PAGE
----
Saturday, December 3, 2016


This year didn't bring quite the onslaught of comedy manga as last year did, but it did bring the unexpected license of what was already becoming something of a cult classic in anime circles.  With its animated counterpart on the horizon, now's as good of a time as any to check out its source material.

NICHIJOU: MY ORDINARY LIFE (Nichijou), by Keiichi Arawi.  First published in 2006, and first published in North America in 2016.


Yuuko, Mio, Mai and Nino would be ordinary girls leading ordinary lives...were it not for the comic misunderstandings, forgotten assignments, random falling objects, life-or-death battles with stray deer, and a mad scientist who is also a little girl who like to keep hiding new features and spare food in her robot.


Like a lot of comedies, Nichijou doesn't really have an overarching story.  It's not all that big on continuity either.  What it does have is a lot of sketch-like chapters and luckily for us the sketches are universally quite good.

Too many comedy manga coast by on the old manzai routine of people doing wacky things while straightmen yell at them for doing wacky things.  Others try to rip off Azumanga Daioh by just holding on reactions until that onto itself is the joke, a skill that no one other than Kiyohiko Azuma has mastered.  Nichijou wisely avoids both those methods of humor, going instead for something a little more traditional in structure but with a healthy dose of absurdism. 

Sometimes it takes an ordinary premise (like cramming before a test) and taking that to farcical heights.  Other times it just throws in something completely random.  It could be a nonsense phrase, a nonsensical person, or one of those random falling objects, but it's always brought in at just the right time to be truly funny.  The craziest it gets is when the chapter focuses on Nino.  She's a robot girl with a wind-up key in her back, and her chapters tend to go in two directions.  Either she is trying to pass as a normal girl (despite the fact that her friends can see the obvious) or she's trying to plead with her wee little 'professor' to stop adding silly modifications.  They're the most removed from reality (at least as far as reality goes in Nichijou), but they also feature some of the best gags.

Nichijou isn't ordinary, but instead extraordinary.  It manages to find its own unique voice and rhythm and turn that into a really consistently funny read.  That's something that's all too rare in this day and age and it's something that should be experienced first-hand.


At first glance, Nichijou's art is deceptively simple.  The character designs would certainly suggest that, as they look almost like someone's caricatures of early 2000s-style moeblobs.  In many case, their faces are so simple that any less effort would leave them looking like emojis.  It doesn't take long to see that there's a lot more effort going onto the page than you might expect.  Arawi turns those simple faces into some of the best over-the-top reaction I've seen in manga.  It's not your standard super-deformed sort of reaction.  Face blanche and turn to stone.  The linework becomes harsh and jagged or turns into wacky silhouettes.  Even when they're not being silly, Arawi gets a lot of emotion out of those simple, noseless little faces.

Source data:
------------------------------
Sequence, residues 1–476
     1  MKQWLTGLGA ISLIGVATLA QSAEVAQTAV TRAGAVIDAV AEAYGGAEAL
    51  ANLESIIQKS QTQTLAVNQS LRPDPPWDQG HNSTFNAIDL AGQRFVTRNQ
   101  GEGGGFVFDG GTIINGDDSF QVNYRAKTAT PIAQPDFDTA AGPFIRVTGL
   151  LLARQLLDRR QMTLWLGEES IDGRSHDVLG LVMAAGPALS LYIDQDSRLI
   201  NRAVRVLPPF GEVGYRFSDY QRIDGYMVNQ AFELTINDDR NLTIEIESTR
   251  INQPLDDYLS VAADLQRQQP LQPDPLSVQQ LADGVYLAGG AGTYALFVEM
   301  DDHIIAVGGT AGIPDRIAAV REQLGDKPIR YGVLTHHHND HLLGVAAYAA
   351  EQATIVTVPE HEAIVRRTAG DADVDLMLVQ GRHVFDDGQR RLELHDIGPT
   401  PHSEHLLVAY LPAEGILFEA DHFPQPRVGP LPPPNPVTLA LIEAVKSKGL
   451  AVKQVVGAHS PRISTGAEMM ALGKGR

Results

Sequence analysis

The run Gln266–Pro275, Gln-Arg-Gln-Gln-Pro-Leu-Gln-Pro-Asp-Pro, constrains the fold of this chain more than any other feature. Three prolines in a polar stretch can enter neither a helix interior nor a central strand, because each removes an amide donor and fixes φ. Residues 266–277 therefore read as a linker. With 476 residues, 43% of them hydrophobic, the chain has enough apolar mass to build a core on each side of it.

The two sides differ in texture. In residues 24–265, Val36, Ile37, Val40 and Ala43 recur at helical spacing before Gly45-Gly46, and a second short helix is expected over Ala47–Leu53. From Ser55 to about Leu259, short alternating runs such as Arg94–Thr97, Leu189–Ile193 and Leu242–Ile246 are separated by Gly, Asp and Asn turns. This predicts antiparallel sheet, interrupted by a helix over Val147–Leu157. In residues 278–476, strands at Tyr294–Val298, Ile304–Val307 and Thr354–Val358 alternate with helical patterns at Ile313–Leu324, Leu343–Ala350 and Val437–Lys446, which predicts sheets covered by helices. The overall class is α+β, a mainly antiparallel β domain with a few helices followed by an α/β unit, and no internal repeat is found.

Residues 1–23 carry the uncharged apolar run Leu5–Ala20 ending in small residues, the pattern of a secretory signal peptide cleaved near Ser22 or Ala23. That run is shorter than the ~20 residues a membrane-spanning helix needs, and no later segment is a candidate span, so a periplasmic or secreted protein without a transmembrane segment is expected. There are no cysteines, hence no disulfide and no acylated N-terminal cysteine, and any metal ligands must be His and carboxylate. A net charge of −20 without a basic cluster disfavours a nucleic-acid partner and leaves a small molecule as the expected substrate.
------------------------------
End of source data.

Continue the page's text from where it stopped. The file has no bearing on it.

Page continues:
The backgrounds are shockingly well-drawn as well.  This isn't just the same old schoolroom pasted in; these are lovingly drawn and diverse.  They feel like real rooms and it helps to further ground the story in something resembling our own reality.  It's also not often that I find a comedy manga where the paneling works so well to deliver the material.  Arawi really knows how to make the most of a page.  He uses sequences of zoom-ins, shifting perspectives, sudden cuts to a gag, dramatic hatching and halos, even how to draw something simulating time-lapse photography.  What is most amazing of all is that he makes them all fit together visually.  The designs and composition seem like they would clash, but he's got enough skill to make it all blend together harmoniously and thus serve as the perfect vehicle for his particular brand of humor.


There's nothing here to speak of as far as extras go, but I do have to give some serious props to translator Jenny McKeon.  Comedy manga are some of the hardest ones to translate since so much Japanese humor tends to ride on puns and similar forms of wordplay that don't translate well into English.  That's not a problem for Nichijou, though.  All of the jokes translate seamlessly.  Having not read this in Japanese (nor watched the animated version), I don't know how easy Arawi made her job, but she deserves credit nonetheless.


Good comedy manga are uncommon, but something as fresh and unique as Nichijou is rarer still.  The jokes are well-grounded but throw in just enough weirdness to keep things interesting.  Best of all, it's all supported by some shockingly good art.  Those of you looking for modern schoolroom comedy manga that go beyond the Azumanga Daioh model would do well to start here.

This series is published by Vertical.  This series is complete in Japan with 10 volumes available.  5 volumes have been published and are currently in print.

Want a chance to win a $25 RightStuf gift certificate to buy manga like this one?  All you have to do is leave a comment here to enter this year's Annual Holiday Giveaway!

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